The main reason when I first started adapting the book was to solve the problem of them [Jack and Karen] knowing each other. In the book, it opens with the prison breakout, but then there are thirty, forty some-odd pages where it goes back and tells Foley’s story. I liked that and I thought the whole movie could be that way, where we could sort of jump around in time, and Elmore’s books sometimes do that. It was a mechanical solution to a problem I was having, which was how to infuse the story with enough characters so that you care about these people without frontloading the movie with all this exposition. If I was telling another story along the way that was its own mystery, it might be really interesting.
Now, I should tell you at one point I panicked and thought I had made a giant mistake and straightened the whole script out. Steven Soderbergh was on the movie at the point and he said, “Are you out of your fucking mind? Put it back.” So, I put it back. I did lose my nerve, and part of it was I had shown Elmore Leonard the script with the flashbacks and he didn’t like it. He didn’t know why I was jumping around and doing all these flashbacks. He just didn’t like it. So I thought, well if he doesn’t like it, oh no, I’m screwing up, so I unwound the whole thing. And Steven said, “No, no, no. Don’t do that.”
[Note: Leonard came around to the flashbacks. Says Frank: “He left me a message on my answering machine. I remember coming back to the office and he said, ‘Saw the movie—terrific. You were right.’ Made my year.”]
For a reason that was done purely for mechanics, the plot is one of the most memorable aspects of the movie. There’s an Elmore Leonard quality to it.
I think so. I hope so. And too often people are doing that to create some sort of stylistic flourish because there’s nothing there. I did it purely because I was stuck and it was a solution to a problem that I was having…It’s become very overused, but I’ve done it before. I did it in Dead Again. I’ve been doing it my whole career. I like using flashbacks if they’re helping to tell a story or creating their own mystery. If they’re purely expositional, who cares?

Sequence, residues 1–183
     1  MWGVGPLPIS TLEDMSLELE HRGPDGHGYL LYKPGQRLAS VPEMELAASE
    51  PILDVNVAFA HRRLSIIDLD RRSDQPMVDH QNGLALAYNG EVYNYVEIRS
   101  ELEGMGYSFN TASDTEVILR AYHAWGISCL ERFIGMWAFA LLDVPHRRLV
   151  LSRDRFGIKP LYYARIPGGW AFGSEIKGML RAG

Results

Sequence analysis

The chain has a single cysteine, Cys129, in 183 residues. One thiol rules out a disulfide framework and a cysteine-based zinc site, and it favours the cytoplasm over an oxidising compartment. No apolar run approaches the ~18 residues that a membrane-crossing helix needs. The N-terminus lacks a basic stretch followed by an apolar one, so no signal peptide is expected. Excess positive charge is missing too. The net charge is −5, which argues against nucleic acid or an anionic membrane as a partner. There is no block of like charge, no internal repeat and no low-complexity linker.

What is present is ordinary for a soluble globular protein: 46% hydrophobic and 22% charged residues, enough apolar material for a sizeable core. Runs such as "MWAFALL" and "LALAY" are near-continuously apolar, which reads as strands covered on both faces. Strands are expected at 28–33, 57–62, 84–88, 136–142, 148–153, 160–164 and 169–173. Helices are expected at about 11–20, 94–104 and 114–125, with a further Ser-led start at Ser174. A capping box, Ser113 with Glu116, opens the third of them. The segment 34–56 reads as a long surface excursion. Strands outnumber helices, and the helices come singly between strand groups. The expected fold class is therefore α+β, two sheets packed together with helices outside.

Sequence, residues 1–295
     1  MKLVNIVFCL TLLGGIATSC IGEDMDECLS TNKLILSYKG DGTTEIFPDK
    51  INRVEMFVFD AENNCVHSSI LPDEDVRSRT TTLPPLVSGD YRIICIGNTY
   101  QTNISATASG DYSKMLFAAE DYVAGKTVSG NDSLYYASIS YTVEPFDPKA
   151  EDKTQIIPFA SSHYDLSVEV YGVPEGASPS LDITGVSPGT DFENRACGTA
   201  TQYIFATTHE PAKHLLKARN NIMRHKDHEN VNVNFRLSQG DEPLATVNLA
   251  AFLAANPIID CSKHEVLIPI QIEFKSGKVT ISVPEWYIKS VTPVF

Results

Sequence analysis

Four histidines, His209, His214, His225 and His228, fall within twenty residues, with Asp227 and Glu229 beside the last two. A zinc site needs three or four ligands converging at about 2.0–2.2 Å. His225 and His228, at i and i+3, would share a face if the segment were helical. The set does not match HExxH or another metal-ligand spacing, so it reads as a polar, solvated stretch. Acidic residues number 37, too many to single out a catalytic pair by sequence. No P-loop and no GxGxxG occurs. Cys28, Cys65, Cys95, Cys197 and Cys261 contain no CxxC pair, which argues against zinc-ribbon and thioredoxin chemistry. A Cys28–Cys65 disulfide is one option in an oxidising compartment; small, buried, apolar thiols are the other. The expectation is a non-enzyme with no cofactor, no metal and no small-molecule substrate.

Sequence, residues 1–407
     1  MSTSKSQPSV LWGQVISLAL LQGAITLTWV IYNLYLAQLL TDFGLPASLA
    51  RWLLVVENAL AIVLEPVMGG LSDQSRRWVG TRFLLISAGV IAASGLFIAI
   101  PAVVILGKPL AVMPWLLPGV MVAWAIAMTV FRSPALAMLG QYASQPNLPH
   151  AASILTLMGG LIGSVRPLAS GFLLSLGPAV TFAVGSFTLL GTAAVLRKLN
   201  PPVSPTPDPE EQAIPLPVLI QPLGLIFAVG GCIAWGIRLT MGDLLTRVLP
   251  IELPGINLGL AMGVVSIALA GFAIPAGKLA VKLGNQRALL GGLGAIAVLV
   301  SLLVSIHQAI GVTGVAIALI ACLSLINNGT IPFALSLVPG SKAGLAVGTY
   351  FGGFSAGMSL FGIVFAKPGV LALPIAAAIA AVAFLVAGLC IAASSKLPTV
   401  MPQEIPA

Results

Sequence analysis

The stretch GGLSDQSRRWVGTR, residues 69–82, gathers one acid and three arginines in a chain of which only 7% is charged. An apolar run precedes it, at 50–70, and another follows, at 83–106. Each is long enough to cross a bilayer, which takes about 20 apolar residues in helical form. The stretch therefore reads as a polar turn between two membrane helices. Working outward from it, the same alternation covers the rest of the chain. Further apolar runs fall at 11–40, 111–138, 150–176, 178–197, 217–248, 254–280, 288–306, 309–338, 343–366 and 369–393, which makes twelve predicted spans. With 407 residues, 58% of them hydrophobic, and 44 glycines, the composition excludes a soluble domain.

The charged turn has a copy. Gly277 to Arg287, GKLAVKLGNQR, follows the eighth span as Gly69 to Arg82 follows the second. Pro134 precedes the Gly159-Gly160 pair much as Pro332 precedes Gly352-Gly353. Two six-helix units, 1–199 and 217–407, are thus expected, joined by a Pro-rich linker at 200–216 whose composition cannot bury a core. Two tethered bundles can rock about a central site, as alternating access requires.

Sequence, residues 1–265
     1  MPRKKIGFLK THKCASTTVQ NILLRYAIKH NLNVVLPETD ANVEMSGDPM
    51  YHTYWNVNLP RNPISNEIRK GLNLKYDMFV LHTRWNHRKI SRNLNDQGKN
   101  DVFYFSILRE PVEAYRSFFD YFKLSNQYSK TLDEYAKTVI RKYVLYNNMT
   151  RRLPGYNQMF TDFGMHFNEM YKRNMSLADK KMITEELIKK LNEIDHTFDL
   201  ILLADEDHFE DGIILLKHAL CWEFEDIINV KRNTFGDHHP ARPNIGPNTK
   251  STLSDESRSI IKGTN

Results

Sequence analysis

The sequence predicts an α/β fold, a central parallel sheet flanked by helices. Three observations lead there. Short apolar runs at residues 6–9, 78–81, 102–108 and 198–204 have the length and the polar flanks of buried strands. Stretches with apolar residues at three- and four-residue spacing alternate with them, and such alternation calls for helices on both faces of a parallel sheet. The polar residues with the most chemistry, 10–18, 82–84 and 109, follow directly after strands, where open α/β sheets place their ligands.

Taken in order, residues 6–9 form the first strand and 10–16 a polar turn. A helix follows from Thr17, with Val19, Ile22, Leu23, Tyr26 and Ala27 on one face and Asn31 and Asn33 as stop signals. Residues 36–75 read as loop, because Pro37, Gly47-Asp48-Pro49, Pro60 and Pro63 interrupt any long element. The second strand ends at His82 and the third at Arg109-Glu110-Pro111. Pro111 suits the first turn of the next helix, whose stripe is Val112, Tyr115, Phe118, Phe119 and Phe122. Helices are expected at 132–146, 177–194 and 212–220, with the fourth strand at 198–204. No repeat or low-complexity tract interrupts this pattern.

How many drafts did you write?
I don’t know how to count drafts. People always ask, “How many drafts did you do?” I’m just always writing and revising. And I don’t know what you call a draft at all. I occasionally turn the script in to get paid, but I’m just constantly working on it. There’s all this time before the movie gets green lit, and then I’m continuing to work on it once it’s green lit and we’re rehearsing it and then even during shooting I’m doing some work on it if there’s stuff that needs changing. And even after we’re done shooting—I re-wrote the whole trunk scene.
I know that I work for a year on every script probably by the time I’m done. So, I know I don’t have a first draft much before four to six months. Then I know I’ll do many, many, many more drafts after that pretty quickly. But that first draft is a pretty polished draft because I’ve rewritten it so many times already. I honestly don’t know how many drafts, what it would be.
What kind of work did you and Steven Soderbergh put into the script?
Quite a lot of work, I would say. The script got much better once we started working. I don’t know whether it was two weeks or a month, it was a while. He would come out to Pasadena and sit in my office and we would read the scenes out loud and we would come up with dialogue right there, and we would just go through it. Then, he would leave and I’d do some work. And I would show him a draft and then we would go through it again, just kind of finding our way through the movie.